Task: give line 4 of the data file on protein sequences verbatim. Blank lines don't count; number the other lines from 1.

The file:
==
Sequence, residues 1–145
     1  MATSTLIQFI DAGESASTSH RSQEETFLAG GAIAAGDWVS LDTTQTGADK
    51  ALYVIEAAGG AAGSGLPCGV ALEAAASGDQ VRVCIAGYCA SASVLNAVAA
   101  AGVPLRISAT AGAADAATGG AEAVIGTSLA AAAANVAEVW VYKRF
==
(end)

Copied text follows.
   101  AGVPLRISAT AGAADAATGG AEAVIGTSLA AAAANVAEVW VYKRF